Misogyny in Music

By Mary James


I am constantly listening to music whether it is in the car, working out, or just at my apartment. One thing I’ve noticed is I never listen to certain music around my family, specifically hip hop. There was this time my mom and I were in the car and I found myself jamming out to, “Ain’t No Fun (If the Homies Can’t Have None) feat. Snoop Dogg. This song is so inappropriate and talks about gangbang and referring to women as sexual objects in a very derogatory context. I immediately unplugged the aux cord as soon as I realized what I was singing along to. I never play any hip hop around my mom because of the derogatory content concerning women.

Hip Hop has been around since the 70’s. Clive Campbell also known as DJ Kool Herc is the founding father of hip hop. Herc’s 1973 block party in the Bronx effectively birthed hip-hop as we know it today. Hip hop consists of four elements, DJ’ing, break dancing, an MC, and graffiti. Hip hop went beyond just music; it’s an entire culture. It was created by working-class African-Americans, who, like Herc, took advantage of available tools for example records and turntables, to invent a new form of music that both expressed and shaped the culture of the youth.

From the beginning, hip hop was defined by the artists’ anger. Anger at being stereotyped, abused, blamed, mistreated, and ignored. Of course, hip-hop is not all negative but for thirty plus years, this music has served an important form of expression for poor people of color and anger has been a major contributing factor.

If hip hop appears to be excessively violent when compared to country or rock, it is because rap stems from a culture that has been steeped in a brutal fight against social and economic oppression. For many artists, rapping about guns, police brutality and gang life is a reflection of daily life. Hip hop is a genre of music that showcases self-expression and social reflection.

Women have had a tremendous impact on hip hop yet they are not taken as seriously or shown enough in mainstream media. When rap emerged it intensified in an aspect that continues to draw criticism today – misogyny. Hip hop has been male-dominated from the beginning. Women are often portrayed as objects for male desire in music videos and lyrics.

Since the 1970s, hip hop artists have been accused of objectifying women and promoting violence and sexual abuse towards women. It’s not just hip hop that has a misogyny problem. All music does. Hip hop is not the only genre with degrading lyrics about women. Sexism is rampant in many genres. However hip hop is an easy and constant target for this criticism it is so widely consumed in a way that other genres aren’t.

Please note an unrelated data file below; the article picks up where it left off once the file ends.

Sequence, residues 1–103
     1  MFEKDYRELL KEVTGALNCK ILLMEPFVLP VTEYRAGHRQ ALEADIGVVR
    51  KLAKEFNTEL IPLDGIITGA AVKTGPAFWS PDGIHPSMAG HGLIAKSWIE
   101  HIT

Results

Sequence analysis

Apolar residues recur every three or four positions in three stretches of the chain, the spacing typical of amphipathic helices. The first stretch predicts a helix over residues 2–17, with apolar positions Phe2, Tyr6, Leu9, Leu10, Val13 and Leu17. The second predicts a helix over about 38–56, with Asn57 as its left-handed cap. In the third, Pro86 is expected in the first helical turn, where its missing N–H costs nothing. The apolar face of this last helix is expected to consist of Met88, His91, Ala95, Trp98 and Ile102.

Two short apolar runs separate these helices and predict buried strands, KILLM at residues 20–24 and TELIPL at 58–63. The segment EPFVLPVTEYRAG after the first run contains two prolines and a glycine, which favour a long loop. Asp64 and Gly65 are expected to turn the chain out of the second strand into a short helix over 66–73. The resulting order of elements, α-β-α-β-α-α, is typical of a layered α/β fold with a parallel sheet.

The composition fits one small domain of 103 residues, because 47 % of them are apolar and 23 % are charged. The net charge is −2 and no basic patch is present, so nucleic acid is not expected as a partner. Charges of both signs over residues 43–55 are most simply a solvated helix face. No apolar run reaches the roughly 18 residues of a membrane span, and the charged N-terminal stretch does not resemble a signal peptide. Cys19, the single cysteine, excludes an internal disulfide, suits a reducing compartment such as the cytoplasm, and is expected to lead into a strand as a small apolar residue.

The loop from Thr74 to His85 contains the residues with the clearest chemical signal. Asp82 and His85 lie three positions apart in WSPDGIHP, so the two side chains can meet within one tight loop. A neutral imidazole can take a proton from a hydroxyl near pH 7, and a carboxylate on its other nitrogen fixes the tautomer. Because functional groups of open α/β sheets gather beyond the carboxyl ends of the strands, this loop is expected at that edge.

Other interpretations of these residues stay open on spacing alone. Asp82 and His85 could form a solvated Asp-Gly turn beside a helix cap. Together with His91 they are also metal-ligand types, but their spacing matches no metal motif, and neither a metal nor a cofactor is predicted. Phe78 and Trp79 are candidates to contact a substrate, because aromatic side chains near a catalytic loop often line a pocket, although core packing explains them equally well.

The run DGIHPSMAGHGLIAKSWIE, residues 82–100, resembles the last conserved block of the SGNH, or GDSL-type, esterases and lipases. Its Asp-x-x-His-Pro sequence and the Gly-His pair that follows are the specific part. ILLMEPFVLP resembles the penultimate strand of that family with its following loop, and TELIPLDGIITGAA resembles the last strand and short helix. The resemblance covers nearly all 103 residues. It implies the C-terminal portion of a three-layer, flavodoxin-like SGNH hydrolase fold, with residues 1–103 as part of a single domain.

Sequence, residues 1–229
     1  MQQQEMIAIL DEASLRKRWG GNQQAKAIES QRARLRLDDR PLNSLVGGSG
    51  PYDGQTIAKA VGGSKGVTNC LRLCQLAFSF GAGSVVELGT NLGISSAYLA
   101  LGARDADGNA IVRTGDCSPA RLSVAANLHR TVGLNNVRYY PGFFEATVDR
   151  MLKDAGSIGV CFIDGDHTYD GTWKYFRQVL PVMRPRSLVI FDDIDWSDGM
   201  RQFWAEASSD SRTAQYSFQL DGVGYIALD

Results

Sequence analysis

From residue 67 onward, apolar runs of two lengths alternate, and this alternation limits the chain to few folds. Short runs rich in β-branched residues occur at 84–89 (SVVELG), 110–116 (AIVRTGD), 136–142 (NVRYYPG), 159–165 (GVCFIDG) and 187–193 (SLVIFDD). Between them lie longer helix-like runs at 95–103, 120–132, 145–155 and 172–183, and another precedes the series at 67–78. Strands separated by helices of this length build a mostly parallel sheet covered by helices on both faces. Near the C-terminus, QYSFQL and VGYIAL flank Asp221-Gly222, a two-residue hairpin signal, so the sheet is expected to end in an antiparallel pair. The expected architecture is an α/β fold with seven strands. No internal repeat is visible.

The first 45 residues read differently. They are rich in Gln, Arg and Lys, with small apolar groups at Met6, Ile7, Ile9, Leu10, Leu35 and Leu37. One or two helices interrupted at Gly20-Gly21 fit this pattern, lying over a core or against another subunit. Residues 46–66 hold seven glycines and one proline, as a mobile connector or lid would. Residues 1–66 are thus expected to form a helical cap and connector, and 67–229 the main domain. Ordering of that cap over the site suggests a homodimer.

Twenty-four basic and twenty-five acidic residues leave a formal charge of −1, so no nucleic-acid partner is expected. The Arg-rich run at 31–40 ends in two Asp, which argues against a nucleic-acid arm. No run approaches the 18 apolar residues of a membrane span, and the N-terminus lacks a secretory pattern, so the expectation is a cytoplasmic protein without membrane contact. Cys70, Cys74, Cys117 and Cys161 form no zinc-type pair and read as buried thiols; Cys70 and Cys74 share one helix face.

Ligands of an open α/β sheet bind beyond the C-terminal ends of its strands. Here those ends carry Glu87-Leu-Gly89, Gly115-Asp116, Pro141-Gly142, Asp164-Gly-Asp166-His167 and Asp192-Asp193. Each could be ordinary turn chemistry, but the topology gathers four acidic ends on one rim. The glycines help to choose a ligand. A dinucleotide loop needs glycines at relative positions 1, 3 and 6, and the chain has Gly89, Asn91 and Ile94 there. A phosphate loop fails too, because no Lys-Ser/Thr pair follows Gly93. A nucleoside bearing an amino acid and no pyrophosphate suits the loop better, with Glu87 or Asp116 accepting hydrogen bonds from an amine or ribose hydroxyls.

“Rapper and actress Queen Latifah made history when she won a Grammy for her groundbreaking hit, “U.N.I.T.Y.,” in 1995.” Queen Latifah takes a stand against artists such as Dr. Dre and Ice Cube who rap about derogatory lyrics towards women often referring to them as a bitch or a ho. Queen Latifah encourages women to respect themselves and not accept abuse from men who try and put their image down. U.N.I.T.Y is about women standing up for themselves against domestic violence and being objectified as female sexual desires. This song started a conversation and also established that female rappers had a voice in an industry dominated by men.

Women inside and outside of the industry have pushed against the misogyny in hip-hop, from Queen Latifah’s 1990 single that put “Ladies First.” Many female hip-hop artists have been equivalent to male rappers: Latifah, MC Lyte, Salt-N-Pepa, TLC, Eve, and Missy Elliott for example. Lil Kim and Foxy Brown took the term “bitch” and reclaimed the word to highlight ambition and toughness.

Lil Kim used her lyrics to minimize sexual insecurities. Her sexuality enforced identity and empowerment rather than victim. She said, “I’m not gonna totally change on my next album. I’m gonna still be talking about sexual things but it will be deeper.” She changed the game for women in the industry and radically owned her own sexuality. Hip Hop has been defined by the artist’s anger, now women are taking that movement and empowering other women to stand up for themselves. There have been many talented female rappers in the industry who have changed the game tremendously by speaking up instead of joining the hatred towards women.



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